WASHINGTON -- Delaware's transportation trust fund is poised to test the market next Tuesday with its first competitive bond sale since the state formed the fund in 1987 to oversee transportation financing.
The Delaware Transportation Authority, on behalf of the trust fund, plans to issue $70 million of transportation system senior revenue bonds on a competitive basis. Since it first issued debt in 1988, the trust fund has negotiated all of its refunding and newmoney deals.
"We've got a credit that is more valuable today than it was in 1988, and we've got a credit that is strong, and now wc should try to test out the market and see what our competitive status is," said William Ankner, director of financial management and budget in the state's transportation department.
The upcoming sale amount is lower than past offerings because the trust fund is cutting its reliance on debt to finance transportation projects, state officials said.
But "we're still excited about it because it's a new avenue for the authority to pursue," said Debra Chambliss von Koch, Delaware's director of bond finance. Von Koch and other state officials said future deals will be reviewed on a case-by-case basis to determine whether to make them competitive. Delaware will still do negotiated deals, but at certain times competitive issues "make sense," von Koch said.
The trust fund's decision to go competitive comes at a time when there is regulatory pressure for issuers to do so. However, state officials said the regulatory environment was not a deciding factor.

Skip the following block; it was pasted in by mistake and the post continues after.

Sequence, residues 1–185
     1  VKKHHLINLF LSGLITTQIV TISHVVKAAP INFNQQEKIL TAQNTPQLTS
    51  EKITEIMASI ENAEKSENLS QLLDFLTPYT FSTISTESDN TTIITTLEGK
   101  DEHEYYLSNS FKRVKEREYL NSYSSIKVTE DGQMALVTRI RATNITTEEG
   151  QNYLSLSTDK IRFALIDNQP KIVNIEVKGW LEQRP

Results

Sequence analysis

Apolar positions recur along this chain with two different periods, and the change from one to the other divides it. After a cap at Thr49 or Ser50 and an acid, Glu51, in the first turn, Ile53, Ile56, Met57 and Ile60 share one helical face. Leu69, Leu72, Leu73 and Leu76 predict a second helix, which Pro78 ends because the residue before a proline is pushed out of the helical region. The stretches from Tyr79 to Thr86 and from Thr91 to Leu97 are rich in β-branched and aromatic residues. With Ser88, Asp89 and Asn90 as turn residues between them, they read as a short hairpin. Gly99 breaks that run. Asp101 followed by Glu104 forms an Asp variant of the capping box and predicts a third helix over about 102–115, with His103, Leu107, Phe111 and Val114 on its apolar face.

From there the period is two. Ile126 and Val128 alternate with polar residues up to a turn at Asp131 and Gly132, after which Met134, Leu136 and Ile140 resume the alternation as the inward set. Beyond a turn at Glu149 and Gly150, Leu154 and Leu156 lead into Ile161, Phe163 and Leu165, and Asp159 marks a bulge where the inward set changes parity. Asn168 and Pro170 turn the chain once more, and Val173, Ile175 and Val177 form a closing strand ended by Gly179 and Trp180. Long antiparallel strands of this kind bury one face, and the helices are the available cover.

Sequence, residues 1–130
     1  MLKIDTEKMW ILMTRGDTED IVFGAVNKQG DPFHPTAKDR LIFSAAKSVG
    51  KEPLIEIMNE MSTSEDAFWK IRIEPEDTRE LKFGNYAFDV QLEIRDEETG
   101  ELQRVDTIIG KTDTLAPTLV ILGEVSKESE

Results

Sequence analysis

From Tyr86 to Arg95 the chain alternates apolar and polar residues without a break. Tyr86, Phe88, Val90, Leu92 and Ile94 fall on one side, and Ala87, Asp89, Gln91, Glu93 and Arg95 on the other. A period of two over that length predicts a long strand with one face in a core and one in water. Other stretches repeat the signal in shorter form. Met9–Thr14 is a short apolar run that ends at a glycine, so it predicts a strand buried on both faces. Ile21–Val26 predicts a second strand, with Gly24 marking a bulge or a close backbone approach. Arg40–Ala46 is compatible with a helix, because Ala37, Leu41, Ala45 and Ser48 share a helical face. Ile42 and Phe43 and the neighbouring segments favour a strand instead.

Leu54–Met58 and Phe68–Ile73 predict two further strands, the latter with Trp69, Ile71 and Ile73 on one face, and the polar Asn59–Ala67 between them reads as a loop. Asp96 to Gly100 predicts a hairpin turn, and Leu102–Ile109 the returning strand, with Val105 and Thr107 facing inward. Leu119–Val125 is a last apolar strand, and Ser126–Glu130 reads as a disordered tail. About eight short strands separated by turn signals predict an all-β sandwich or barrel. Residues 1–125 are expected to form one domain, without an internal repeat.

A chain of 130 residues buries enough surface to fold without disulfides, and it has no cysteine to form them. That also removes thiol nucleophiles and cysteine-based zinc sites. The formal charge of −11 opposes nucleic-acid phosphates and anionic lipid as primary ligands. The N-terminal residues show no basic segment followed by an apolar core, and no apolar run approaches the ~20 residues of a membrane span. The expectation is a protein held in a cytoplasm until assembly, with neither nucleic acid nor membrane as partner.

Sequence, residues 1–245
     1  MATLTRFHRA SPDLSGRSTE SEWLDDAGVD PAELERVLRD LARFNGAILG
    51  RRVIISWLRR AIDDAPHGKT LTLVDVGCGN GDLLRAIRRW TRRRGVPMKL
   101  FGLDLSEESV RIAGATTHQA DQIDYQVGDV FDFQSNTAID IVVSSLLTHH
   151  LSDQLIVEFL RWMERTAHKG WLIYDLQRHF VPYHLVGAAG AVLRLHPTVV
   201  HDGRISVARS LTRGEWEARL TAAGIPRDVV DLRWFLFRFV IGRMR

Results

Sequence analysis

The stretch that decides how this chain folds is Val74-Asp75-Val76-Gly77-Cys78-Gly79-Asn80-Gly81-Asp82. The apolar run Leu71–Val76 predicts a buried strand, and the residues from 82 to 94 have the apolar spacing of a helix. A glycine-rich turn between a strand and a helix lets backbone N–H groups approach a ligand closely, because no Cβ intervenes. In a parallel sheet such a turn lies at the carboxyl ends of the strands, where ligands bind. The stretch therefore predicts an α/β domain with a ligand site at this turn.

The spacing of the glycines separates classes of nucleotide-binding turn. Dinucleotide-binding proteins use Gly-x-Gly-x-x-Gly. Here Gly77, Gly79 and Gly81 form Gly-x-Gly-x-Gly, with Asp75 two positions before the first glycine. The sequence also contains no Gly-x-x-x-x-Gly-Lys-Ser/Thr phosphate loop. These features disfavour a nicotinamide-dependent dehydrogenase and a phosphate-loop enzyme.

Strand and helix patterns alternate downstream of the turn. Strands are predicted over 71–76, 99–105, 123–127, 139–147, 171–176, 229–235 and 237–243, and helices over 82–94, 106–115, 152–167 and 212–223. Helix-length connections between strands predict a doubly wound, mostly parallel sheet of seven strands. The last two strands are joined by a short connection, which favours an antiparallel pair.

As part of a new program to increase pay-as-you-go transportation financing, the trust fund has removed $200 million of projected debt issuance under its six-year financing plan, state officials said. The plan now projects a total of $329 million in debt issuance from fiscal 1995 through fiscal 2000.
The state formed the trust fund, which relies on dedicated tax and other revenue rather than general fund support, to finance all transportation projects with transportation-related revenues.
With issuance of the 1994 series limited obligation bonds on Nov. 1, the trust fund will have $478.9 million of outstanding senior bonds. Bond proceeds will be used to fund part of the current capital plan. Standard & Poor's Corp. rates the mast fund's bonds AA-minus and Moody's Investors Service rates them AI. The bonds are expected to be insured.
The offering will be the trust fund's seventh issue, said Gerard McNesby, the fund's administrator. Most earlier issues were refundings, and the most recent new-money bonds were issued in August 1992, McNesby said. The trust fund plans to go to market once a year in the future, he said.
A major reason why the trust fund chose to negotiate past deals was, in addition to some market turbulence in the early 1990s, the fact that "we were a story bond. People needed to know and get more comfortable with the credit," McNesby said. Story bonds refer to bonds, often unrated, for which issuers need to tell a story to get investors interested.
"We believe we no longer are a story bond," because the trust fund now has a track record as a good credit, McNesby said. Taking into account other market factors, "we think the time is right to test out the competitive market on this issue," he said.
State officials do not yet know how much they could save by going competitive. "There are a lot of things that go into this decision .... They are going to get the best deal at 11 on Tuesday that they can get," said Daniel Cohen, a director with O'Brien Partners Inc., the financial adviser on the issue.
"We are keeping our fingers crossed" about the market's stability on Tuesday, von Koch said.
The bonds will be backed by revenues from motor fuel taxes, motor vehicle document and registration fees, and other miscellaneous transportation-related fees. Other sources include toll and concession revenue derived from the trust fund's ownership and operation of the Delaware Turnpike, and investment earnings. The state imposes and collects the levies and transfers them to the trust fund.